A Chinese donut is a ball of dough that has been deep fried and then rolled in white, granulated sugar while still warm. These donuts can usually be found at Chinese restaurants, especially all-you-can-eat buffets. They’re usually shaped like small, puffy cylinders. Some have fruit or cream fillings, while others are simply sugared dough. Though the restaurant-style Chinese donut is usually made with enriched white flour, homemade versions may start with rice or wheat flour. Fast versions may not start with flour at all, but use frozen, store-bought dough as the base.
Unlike some common Asian restaurant dishes, the Chinese donut actually has a place in traditional Chinese cuisine. Asian cooks have long coated and fried various food items in tempura, a batter made from rice flour and eggs. This same technique is used to make a variety of fried pastries, from the popular round donuts to pastries filled with meat or beans. Street vendors often sell varieties of the Chinese donut beside fruit-filled crepes and steamed buns.
The sugar used on a Chinese donut often varies from place to place, or from cook to cook. The traditional sugar is white, granulated sugar. A few restaurants, and many cooks, prefer powdered sugar. Still others create sugar glazes for the donuts. This sweetening phase is important because the dough itself is not typically sweet. It is supposed to be crispy on the outside, soft inside, and very bready. Its subtle flavor cuts the sweetness, generally keeping the sugar from becoming overwhelming.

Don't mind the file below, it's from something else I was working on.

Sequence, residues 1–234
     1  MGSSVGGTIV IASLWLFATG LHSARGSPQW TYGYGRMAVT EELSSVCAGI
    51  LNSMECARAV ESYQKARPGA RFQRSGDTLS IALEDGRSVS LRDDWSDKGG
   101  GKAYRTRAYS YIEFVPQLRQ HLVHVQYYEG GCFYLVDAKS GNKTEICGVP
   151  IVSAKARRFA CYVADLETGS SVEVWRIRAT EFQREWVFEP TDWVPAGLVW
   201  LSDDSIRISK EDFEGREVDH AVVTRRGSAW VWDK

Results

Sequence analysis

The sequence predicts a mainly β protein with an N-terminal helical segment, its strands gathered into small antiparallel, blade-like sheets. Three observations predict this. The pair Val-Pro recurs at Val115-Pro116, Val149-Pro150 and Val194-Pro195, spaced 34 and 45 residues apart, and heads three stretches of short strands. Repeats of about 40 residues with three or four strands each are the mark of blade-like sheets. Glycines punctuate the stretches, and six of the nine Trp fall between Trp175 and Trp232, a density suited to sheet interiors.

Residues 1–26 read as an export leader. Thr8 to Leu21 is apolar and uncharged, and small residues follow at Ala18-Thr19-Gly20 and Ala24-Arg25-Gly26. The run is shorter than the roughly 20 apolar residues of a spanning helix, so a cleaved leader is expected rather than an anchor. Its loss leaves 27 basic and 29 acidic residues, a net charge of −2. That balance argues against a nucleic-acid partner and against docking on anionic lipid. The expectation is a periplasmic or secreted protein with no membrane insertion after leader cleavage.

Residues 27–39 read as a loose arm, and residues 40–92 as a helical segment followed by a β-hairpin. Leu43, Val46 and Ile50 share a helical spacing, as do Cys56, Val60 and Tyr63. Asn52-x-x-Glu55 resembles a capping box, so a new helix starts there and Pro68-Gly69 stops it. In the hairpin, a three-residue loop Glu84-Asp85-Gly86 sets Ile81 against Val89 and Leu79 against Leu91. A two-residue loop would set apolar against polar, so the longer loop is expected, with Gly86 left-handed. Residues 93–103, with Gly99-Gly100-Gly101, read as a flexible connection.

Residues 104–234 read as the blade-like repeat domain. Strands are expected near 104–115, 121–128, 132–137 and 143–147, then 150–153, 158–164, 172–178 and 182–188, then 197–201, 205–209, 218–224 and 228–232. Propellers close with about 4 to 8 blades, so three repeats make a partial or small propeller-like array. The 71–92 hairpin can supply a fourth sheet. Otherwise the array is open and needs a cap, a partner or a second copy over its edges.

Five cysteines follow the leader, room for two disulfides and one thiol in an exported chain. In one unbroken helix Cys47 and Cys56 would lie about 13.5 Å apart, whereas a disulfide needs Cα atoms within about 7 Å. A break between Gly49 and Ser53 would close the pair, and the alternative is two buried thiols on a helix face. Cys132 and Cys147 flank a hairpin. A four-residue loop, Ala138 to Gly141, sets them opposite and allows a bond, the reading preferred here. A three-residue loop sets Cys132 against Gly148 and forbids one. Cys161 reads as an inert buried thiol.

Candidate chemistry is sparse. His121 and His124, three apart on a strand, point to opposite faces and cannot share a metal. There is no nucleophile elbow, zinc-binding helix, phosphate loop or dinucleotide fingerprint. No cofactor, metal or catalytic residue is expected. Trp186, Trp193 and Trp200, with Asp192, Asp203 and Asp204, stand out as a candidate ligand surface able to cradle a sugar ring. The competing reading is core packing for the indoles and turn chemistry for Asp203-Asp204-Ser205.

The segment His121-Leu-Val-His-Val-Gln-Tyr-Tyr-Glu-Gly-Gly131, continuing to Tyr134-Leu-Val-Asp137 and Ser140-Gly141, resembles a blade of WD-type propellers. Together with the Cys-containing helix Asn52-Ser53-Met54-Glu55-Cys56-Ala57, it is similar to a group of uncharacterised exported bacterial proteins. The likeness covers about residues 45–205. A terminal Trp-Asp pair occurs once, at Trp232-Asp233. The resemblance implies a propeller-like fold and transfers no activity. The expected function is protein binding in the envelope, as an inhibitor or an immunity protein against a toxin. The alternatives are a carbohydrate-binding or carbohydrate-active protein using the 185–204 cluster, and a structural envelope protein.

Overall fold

Though a Chinese donut is often plain, some high-end restaurants may serve pastries filled with jellies, creams, or fruit compotes. Jellies and fruits may range from strawberries and Asian pears to raisins, currants, or blueberries. Traditional Chinese fruits, like lychee, may also make an appearance. The creams are usually vanilla or chocolate, though peanut butter is sometimes also available. The cooks use a large baking syringe to inject the center of the donut with these fillings after they have been fried.
Those interested in making Chinese donuts at home typically require little more than a simple biscuit recipe. The dough should be thick and easy to pinch off and form into a ball. Most of these recipes call for flour, milk, baking powder, and butter. Peanut oil is the frying oil of choice for Chinese donuts, but any frying oil is acceptable. The balls usually need to fry for up to three minutes on both sides, or until they’re puffy and golden brown. Those without a reliable biscuit recipe may use frozen biscuit dough, which may be a speedy option for those low on time.